Ed Went to New York Anime Festival — Part 2

Ed attended the New York Anime Festival (NYAF) earlier this month. This is part two of three describing his experiences there, covering Friday, October 14, and Saturday, October 15. Part one is here.

Friday Afternoon

I left the CBLDF booth to attend the Anime Mythbusters panel. The hosts were Rukan Shao and Zhao Chen, both physics students who run the website Animechanics.com. The panel discussed topics like: How fast must breasts jiggle in High School of the Dead to dodge a bullet? (Mach 1.28.) How strong would a character’s legs have to be to jump 25.6 meters like in Naruto? (Strong enough to leg press 3800 lbs.) And how much energy does it take for a Gundam to fly? (128 Terawatts or 8.5 times the current consumption of all humanity.)

Shao and Chen certainly knew their stuff, and it was fun to listen to them discuss how they solved these questions. I do think they might need to tone down some of the physics. I don’t think any of the crowd was interested in which equations they used to come up with their solutions.

New York Anime Festival

However, the Anime Mythbusters also highlighted the fact that this year, the New York Anime Fest was once again ghettoized. First, NYAF was reduced simply to Anime Artist Alley and the Anime Stage, which is where the fan-run panels were held. The anime and manga industry booths and panels were blended into the New York Comic Con. This was a slight improvement from last year, where even the anime industry panels were segregated out.

Second, NYAF was held on the top floor of the Javits Convention Center. Mind you, this was a much nicer ghetto with loads of natural lighting. It was also one of the few places in the Javits where non-Verizon customers could get cellphone service. The downside was that there was only one set of stairs that took you to the NYAF. So you couldn’t just randomly wander up there.

Finally, all the natural lighting meant you couldn’t see anything on the projection screen at the Anime Stage. This was a problem for the panels using that stage. The Anime Mythbusters panel was running short video clips to introduce each segment, and you had no idea what they were showing, so the panelists had to describe the clip to the audience. It’s an understatement to call it a frustrating situation.

There is no reason for participants of Anime Artist Alley to be segregated out from the simpler-named Artist Alley connected to main showroom. The goods being sold were very similar, although there were more handcrafted items in Anime Artist Alley. The same goes for the anime fan panels. Let’s face it: the New York Anime Fest is being treated like the unwanted stepchild of the New York Comic Con. It might be best to drop the pretense and simply declare the NYAF dead.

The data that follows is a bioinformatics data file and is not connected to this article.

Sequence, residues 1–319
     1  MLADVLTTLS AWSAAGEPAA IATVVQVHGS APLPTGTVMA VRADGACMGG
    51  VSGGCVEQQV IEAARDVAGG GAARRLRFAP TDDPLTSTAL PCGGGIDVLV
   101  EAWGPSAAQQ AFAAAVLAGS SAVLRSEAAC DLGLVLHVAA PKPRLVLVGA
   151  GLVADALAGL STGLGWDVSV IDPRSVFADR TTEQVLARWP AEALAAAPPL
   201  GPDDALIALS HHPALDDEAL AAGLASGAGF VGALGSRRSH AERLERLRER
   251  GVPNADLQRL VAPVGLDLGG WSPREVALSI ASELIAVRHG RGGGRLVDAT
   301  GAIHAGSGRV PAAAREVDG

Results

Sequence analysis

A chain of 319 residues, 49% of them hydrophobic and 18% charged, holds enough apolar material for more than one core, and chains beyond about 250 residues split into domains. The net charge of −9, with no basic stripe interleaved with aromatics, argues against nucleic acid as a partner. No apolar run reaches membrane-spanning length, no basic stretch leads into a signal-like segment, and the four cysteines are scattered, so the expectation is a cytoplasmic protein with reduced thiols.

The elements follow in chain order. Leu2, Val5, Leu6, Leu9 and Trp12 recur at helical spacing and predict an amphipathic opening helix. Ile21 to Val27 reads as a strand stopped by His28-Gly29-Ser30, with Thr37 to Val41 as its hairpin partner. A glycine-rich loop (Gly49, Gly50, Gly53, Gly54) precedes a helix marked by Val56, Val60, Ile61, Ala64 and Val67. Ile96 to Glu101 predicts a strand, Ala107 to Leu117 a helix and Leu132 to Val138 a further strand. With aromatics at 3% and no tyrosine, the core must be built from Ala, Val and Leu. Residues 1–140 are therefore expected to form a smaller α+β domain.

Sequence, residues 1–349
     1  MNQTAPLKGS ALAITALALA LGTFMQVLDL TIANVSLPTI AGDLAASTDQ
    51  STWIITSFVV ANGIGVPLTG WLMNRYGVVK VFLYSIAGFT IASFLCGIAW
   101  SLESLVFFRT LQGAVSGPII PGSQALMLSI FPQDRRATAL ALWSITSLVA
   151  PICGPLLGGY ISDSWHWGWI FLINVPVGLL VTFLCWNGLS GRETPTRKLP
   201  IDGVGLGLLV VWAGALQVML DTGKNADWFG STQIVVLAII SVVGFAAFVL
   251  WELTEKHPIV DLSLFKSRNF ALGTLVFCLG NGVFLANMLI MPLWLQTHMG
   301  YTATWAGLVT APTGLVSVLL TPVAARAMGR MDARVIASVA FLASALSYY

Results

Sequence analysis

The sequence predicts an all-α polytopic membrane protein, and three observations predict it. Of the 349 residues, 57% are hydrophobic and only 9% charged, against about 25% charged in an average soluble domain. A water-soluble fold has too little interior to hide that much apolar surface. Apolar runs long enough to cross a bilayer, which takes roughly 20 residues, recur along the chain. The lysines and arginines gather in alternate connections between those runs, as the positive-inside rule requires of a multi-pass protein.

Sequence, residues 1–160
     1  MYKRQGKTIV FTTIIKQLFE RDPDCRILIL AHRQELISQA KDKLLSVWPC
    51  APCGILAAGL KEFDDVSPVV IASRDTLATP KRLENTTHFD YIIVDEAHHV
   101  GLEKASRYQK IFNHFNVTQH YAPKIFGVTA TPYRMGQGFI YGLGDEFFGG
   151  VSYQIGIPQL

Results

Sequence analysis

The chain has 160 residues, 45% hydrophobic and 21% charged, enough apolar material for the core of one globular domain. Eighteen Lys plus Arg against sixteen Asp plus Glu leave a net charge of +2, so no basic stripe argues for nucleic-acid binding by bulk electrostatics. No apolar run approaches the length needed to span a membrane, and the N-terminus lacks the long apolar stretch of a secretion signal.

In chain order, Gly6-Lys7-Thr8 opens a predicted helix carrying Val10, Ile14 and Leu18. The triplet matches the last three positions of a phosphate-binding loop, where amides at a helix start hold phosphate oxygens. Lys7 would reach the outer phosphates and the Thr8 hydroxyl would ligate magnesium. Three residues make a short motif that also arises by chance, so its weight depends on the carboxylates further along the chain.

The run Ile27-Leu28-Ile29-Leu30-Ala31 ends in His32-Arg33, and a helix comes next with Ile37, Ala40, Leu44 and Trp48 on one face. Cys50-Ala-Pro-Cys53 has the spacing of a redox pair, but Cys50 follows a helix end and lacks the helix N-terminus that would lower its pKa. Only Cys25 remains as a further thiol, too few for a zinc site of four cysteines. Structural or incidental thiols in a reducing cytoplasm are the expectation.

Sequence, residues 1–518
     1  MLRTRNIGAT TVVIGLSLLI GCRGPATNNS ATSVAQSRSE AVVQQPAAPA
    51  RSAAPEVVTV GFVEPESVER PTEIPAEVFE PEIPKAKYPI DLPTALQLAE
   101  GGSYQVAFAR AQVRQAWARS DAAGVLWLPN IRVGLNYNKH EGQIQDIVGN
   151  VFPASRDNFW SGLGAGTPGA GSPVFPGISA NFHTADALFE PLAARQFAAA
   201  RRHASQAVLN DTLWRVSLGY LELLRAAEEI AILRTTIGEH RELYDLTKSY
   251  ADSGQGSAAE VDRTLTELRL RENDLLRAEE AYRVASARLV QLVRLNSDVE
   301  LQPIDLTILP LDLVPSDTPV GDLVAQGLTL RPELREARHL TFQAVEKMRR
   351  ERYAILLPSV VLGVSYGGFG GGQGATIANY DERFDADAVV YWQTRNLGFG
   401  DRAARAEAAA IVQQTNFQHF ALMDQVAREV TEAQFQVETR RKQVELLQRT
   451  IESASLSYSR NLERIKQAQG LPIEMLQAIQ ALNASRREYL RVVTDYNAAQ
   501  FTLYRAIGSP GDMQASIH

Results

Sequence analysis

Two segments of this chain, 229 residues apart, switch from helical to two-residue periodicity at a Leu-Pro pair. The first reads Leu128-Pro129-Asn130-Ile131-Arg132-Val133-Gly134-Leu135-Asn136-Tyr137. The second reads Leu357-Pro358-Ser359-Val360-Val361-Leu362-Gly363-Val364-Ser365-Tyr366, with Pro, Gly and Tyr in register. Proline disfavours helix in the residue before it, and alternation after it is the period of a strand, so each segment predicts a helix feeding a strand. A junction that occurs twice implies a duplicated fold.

Anime Network

My next panel was The Anime Network panel. Honestly, I went to this more out of a sense that I should attend at least one anime industry panel than any real interest. The panel was hosted by April Brem, Samantha Stevens, and Stacy Dodson. They opened by showing clips from their current show roster. They went on to show clips of upcoming shows like Persona 4, Murdock Scramble, and Horizon in the Middle of Nowhere. They announced the Loups-Garous movie would be out next month. They also announced the Broken Blade OVA series will air in January. It was an entertaining panel, and the hosts worked the crowd expertly.

I then went over to the Hiro Mashima & Kodansha Comics panel. Mashima is the creator of the popular manga Fairy Tail. This panel was packed past capacity, with people lined up along the walls. Thankfully, the Fire Marshall was nowhere to be found.

The panel began with Mashima giving a drawing demo. While he drew, Dallas Middaugh provided a brief history of Mashima’s career. Then Middaugh asked Mashima questions. It was revealed that Mashima’s favorite current manga is Berserk. He works six days per week, with at least one day being 17 hours. To be able to come to NYAF, he had work several 18-19-hour days so he would have all his required pages handed in ahead of time. He said looking at the NYC skyline inspired him.

Mashima left after they gave away the sketch he did. Middaugh announced the Sailor Moon manga sold so well, there was going to be a second printing. They are upping the print run on future volumes to 100,000. Genshiken and Kitchen Princess will be back in print in omnibus format. They announced two new titles, Miles Edgeworth: Ace Attorney and Attack on Titan. Also, Kodansha’s iPad app launched during NYAF.